Attacked on day one – the lost cannabis cafe that brought Amsterdam to Stockport

Footage from our archive looks back at the Dutch-style cannabis cafe that came to Greater Manchester before police raids shut down the venue for good. The Dutch Experience, in Stockport, opened in September 2001. Inspired by the cafes of Amsterdam, it inspired other copycat venues to open in other parts of the UK.

With a policy for members over the age of 18, the cafe was tucked away in a small parade of shops less than a two-minute walk from downtown Stockport. Press and photographers were invited inside the venue on several occasions and one reporter described the air inside the cafe as “heavy with a pungent aroma of cannabis” as people openly smoked cannabis. joints and sipping coffee.

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Photographs taken of the venue show that at first glance there was little to distinguish it from any other independent cafe of the time – apart from the prominent ‘legalise’ sign on the wall and the motif decorations of cannabis leaves. There was also a bust of then Prime Minister Tony Blair on the service counter with a joint in his mouth.

People ordered food and drinks and sat down to play cards, play board games and chat. The big difference was that the weed was openly smoked on site. It took around ten minutes before he was raided by Greater Manchester Police. Officers broke in, searched customers and arrested the owner of the cafe, however, the business was later allowed to reopen and continued to operate for several months.

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Outside the Dutch Experience cannabis cafe in Stockport

The cafe attracted media attention from across the region and across the country. We reported that “even on a rainy weekday afternoon, there are over 100 people inside.” The MEN also quoted a member of staff as saying: “It’s not even busy – usually they are crushed back to back. We don’t seem to have quiet periods. From 10am to 10pm it’s full at crack.’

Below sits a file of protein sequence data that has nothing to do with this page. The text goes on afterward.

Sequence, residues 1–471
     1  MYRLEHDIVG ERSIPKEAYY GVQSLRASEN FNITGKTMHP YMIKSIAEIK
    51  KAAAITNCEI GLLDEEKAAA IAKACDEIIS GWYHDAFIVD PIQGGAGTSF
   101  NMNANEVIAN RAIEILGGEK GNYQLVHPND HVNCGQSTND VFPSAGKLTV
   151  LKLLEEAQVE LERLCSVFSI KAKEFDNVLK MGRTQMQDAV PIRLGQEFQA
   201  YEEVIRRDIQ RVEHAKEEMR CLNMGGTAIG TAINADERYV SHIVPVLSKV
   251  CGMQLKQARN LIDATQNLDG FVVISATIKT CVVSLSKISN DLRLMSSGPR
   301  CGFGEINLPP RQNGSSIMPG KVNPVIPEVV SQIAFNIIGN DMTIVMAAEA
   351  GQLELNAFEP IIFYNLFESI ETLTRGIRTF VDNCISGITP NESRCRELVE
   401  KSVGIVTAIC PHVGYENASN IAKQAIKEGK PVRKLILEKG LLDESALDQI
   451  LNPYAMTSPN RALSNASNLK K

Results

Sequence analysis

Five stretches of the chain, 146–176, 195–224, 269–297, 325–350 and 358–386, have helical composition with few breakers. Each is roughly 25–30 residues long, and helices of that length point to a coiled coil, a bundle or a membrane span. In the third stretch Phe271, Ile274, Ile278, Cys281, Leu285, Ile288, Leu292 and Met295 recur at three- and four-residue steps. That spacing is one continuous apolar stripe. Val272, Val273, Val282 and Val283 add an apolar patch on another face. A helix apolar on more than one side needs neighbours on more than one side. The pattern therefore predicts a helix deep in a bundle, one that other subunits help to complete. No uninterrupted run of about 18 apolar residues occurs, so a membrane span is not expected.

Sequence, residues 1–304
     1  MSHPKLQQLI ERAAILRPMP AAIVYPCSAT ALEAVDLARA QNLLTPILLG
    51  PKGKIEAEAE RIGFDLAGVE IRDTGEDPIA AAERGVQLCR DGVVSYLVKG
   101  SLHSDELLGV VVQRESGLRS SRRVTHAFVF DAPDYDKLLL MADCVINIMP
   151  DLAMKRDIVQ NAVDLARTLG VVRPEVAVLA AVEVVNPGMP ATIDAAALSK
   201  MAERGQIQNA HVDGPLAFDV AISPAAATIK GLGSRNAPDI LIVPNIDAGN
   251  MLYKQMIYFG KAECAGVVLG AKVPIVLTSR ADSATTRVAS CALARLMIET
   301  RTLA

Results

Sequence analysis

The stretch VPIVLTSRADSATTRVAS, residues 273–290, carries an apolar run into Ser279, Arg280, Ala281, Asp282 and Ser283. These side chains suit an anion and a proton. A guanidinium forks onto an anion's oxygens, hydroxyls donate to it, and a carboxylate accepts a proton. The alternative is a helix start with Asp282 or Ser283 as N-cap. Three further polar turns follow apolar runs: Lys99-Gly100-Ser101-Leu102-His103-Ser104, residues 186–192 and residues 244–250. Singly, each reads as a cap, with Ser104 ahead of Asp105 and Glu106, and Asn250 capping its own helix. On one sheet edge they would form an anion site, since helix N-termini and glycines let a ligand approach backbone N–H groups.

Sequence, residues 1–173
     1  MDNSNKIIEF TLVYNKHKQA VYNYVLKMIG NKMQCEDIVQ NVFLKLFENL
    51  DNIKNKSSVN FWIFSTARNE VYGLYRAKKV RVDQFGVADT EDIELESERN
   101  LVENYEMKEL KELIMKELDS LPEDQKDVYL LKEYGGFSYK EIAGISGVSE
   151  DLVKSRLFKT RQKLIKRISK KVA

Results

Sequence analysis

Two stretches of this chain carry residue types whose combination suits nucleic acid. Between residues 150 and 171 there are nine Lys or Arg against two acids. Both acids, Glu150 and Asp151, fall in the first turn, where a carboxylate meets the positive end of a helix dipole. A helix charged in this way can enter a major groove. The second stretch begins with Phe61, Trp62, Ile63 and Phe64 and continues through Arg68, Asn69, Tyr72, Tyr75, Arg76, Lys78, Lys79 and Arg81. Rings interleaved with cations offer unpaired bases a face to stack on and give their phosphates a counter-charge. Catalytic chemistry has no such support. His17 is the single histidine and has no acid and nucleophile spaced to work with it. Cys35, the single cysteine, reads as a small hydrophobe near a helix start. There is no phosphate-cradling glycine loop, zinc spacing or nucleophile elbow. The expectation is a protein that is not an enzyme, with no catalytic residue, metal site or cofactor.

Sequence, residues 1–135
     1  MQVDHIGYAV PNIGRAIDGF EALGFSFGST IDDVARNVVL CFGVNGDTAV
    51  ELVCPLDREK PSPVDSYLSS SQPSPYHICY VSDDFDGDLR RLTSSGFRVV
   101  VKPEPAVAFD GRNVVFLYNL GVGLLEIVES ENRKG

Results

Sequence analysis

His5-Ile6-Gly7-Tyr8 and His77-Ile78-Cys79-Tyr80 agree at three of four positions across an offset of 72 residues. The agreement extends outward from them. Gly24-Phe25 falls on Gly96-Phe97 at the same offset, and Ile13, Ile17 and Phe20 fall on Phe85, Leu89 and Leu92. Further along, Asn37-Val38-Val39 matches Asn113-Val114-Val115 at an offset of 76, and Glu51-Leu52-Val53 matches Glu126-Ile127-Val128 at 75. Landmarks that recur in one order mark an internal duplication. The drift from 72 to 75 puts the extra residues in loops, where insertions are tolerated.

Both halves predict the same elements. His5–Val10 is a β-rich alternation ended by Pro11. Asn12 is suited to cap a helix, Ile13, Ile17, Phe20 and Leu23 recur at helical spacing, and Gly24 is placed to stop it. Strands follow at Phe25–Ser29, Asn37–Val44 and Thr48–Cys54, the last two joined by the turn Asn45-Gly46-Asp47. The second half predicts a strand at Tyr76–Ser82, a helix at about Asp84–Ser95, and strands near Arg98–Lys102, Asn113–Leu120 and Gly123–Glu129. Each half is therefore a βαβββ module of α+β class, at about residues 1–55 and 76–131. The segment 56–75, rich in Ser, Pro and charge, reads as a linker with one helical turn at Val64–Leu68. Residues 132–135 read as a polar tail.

The guestbook included tributes such as “the sweetest place in the world”, “the safe place to relax and get high all the time” and “what we’ve all been waiting for”.



Customers buying drinks and snacks at the Dutch Experience counter
Customers buying drinks and snacks at the Dutch Experience counter

But, despite customers touting the virtues of cannabis, not everyone was happy. A conventional Stockport cafe owner said: “It’s nonsense that the police allowed it to open in the first place, it has a negative effect on Stockport’s reputation.

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Customers sitting around smoking and playing cards in the Dutch Experience cafe
Customers sitting around smoking and playing cards in the Dutch Experience cafe

“People who sell drugs will start hanging around places like this – unbeknownst to the owners perhaps – and you’ll get harder things than selling cannabis.” He added: “And who is there to monitor all of this?”

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Cannabis was openly smoked on site in the form of joints and bongs
Cannabis was openly smoked on site in the form of joints and bongs

It wasn’t meant to last. In 2002, the cafe owner was jailed for three years after being convicted of importing and supplying drugs.

In court, prosecutors said the cafe was an elaborate smokescreen for drug trafficking from the Netherlands. The Dutch experience then closed its doors permanently.

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